Weekly security week wrapup 23 and 24

It’s been two weeks since the weekly security wrapup, which makes ‘weekly’ a rather week term. Lots of excuses I could utter, but they’re all saying: “been busy”, which is another way of saying “I decided that other things were more important to do”. However, here we go again.

Cheap GPUs are breaking passwords faster

Obviously, they’re good at doing stupid things fast(er), and cracking passwords is about the stupidest task possible for a computer. However, for some of the strong stuff out there, like truecrypt, it does not really matter.  Truecrypt, for instance, has a rather slow initialization routine, which takes about 10ms on an average processor, which means you can check 100 passwords/sec. If a CUDA implementation were to increase that 1 million times (10^6), you can check 10^8 passwords per second. But if you have a 10 char password (upper/lower/digits), there are roughly 10^17 possibilities. Checking 10^8 passes/s means it takes 10^17/10^8/2 ~= 10^8 seconds. Which is another way of saying 76 years. That’s longer than the average time it takes for a disk to disintegrate by itself, last time I checked. Still, using CUDA to speed things up is quite cool.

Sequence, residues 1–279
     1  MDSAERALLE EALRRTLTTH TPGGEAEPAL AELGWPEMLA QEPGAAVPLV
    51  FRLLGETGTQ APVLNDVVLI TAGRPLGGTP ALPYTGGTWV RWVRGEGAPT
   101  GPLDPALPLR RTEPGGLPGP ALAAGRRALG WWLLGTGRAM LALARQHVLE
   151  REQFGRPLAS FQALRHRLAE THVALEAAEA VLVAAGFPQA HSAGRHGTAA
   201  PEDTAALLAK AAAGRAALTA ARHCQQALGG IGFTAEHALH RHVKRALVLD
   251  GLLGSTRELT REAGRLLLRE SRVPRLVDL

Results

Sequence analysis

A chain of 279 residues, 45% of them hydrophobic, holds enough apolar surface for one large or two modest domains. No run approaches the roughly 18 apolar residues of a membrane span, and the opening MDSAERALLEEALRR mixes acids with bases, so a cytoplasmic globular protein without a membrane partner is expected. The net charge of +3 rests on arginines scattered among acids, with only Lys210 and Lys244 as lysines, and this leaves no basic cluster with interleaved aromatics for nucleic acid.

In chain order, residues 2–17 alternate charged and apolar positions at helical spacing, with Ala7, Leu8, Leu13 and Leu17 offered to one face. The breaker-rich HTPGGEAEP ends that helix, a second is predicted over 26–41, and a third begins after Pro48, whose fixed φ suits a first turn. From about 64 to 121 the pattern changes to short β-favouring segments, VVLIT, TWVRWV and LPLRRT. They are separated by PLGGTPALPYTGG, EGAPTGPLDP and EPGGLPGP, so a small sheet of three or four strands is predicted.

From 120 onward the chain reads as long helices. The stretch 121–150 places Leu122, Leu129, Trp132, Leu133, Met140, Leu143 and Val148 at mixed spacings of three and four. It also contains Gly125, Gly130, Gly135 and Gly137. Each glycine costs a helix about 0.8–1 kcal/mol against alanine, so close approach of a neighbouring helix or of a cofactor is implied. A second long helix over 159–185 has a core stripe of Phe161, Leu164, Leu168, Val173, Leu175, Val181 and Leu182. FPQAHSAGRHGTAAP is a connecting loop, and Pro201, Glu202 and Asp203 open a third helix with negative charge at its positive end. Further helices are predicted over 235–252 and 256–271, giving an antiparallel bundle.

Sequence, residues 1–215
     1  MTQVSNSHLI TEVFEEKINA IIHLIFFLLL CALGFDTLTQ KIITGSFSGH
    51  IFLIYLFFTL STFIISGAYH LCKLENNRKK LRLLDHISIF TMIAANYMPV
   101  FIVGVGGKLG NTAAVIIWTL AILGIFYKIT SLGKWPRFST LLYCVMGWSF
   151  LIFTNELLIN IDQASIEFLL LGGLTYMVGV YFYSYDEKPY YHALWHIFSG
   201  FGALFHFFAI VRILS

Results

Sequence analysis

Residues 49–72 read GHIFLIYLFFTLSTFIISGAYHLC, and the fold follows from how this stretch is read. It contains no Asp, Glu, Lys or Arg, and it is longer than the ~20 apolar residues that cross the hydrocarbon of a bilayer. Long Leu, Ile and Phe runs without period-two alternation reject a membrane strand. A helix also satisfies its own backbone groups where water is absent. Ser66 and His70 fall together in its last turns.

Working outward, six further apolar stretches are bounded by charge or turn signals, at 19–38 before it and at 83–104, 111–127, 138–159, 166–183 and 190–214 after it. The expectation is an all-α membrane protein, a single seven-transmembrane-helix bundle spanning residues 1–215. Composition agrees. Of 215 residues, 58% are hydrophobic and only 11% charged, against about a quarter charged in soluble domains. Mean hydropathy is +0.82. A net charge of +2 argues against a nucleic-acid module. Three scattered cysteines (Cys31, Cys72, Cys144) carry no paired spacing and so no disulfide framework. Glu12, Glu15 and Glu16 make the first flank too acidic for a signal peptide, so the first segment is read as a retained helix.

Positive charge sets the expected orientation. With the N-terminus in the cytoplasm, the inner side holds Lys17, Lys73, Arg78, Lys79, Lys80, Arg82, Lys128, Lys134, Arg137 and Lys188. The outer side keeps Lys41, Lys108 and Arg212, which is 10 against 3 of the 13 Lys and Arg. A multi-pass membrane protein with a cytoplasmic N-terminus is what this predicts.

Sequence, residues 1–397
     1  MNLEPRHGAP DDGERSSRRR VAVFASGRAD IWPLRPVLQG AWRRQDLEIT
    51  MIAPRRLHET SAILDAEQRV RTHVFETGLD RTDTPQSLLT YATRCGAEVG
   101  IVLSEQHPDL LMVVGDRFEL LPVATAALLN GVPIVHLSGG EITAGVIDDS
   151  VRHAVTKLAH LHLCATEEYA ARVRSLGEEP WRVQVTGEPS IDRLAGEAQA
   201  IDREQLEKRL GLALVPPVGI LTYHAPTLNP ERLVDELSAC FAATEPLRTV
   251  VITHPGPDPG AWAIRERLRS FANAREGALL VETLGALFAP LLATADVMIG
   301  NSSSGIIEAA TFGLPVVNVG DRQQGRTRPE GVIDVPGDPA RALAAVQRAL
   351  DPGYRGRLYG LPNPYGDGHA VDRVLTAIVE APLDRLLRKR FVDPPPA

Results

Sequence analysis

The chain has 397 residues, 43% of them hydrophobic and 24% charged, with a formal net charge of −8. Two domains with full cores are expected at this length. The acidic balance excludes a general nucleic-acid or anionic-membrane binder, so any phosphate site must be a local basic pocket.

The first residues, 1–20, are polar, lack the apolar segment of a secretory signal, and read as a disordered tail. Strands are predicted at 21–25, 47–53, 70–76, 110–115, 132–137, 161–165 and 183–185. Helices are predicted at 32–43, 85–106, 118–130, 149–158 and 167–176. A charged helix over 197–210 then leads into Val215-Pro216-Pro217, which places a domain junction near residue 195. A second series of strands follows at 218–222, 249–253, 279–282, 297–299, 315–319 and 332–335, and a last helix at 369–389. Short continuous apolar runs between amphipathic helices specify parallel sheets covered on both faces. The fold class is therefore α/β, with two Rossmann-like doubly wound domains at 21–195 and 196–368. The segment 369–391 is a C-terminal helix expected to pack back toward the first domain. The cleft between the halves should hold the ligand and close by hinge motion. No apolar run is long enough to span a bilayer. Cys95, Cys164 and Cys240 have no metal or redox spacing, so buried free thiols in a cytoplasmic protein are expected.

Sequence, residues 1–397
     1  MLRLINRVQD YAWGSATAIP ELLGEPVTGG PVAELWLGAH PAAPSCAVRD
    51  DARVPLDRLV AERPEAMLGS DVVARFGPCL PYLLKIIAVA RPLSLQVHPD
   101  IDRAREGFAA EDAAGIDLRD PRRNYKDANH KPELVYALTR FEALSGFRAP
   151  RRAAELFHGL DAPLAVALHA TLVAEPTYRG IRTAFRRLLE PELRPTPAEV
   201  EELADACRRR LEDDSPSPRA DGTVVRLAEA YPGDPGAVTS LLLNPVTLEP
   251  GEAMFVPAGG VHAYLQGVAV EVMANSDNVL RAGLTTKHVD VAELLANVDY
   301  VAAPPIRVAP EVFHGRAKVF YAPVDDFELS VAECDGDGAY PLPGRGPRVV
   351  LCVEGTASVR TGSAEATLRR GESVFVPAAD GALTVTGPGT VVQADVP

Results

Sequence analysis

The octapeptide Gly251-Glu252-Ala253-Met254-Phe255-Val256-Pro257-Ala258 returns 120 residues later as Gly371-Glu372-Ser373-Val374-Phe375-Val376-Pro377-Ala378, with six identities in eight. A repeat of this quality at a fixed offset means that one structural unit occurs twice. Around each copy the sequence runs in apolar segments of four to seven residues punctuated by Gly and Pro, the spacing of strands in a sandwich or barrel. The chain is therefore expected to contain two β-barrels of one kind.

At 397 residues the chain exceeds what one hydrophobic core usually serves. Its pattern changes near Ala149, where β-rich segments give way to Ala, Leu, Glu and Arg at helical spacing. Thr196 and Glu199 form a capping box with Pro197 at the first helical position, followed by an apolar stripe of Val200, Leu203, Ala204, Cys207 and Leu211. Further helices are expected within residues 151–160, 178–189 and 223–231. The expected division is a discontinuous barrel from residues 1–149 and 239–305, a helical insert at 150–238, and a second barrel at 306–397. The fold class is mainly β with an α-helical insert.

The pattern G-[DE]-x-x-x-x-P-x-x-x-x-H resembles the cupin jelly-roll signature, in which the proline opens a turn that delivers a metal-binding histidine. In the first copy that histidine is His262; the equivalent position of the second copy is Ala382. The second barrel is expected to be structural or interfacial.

http://www.zdnet.com/blog/hardware/cheap-gpus-are-rendering-strong-passwords-useless/13125

Mac Reversing: Starter’s guide

I’ve found this article on (OSX) malware analysis for beginners. It talks you through the beginning of using IDAPro and how to start analysing it. It’s excellent, but you need to keep paying attention, or you loose track quite easily.

http://jsz.github.com/reverse_engineering_mac_defender.html

Electric car trouble

And we’re not talking about the trouble you have driving your new electric Nissan Leaf and looking for a place to have lunch, dinner and a nap before your car is charged up. No, we’re talking about the car’s builtin firmware’s RSS reader telling all servers your current location, speed and whether you have the aircon on. That’s not funny.

http://www.theregister.co.uk/2011/06/13/nissan_leaf_privacy_invasion/

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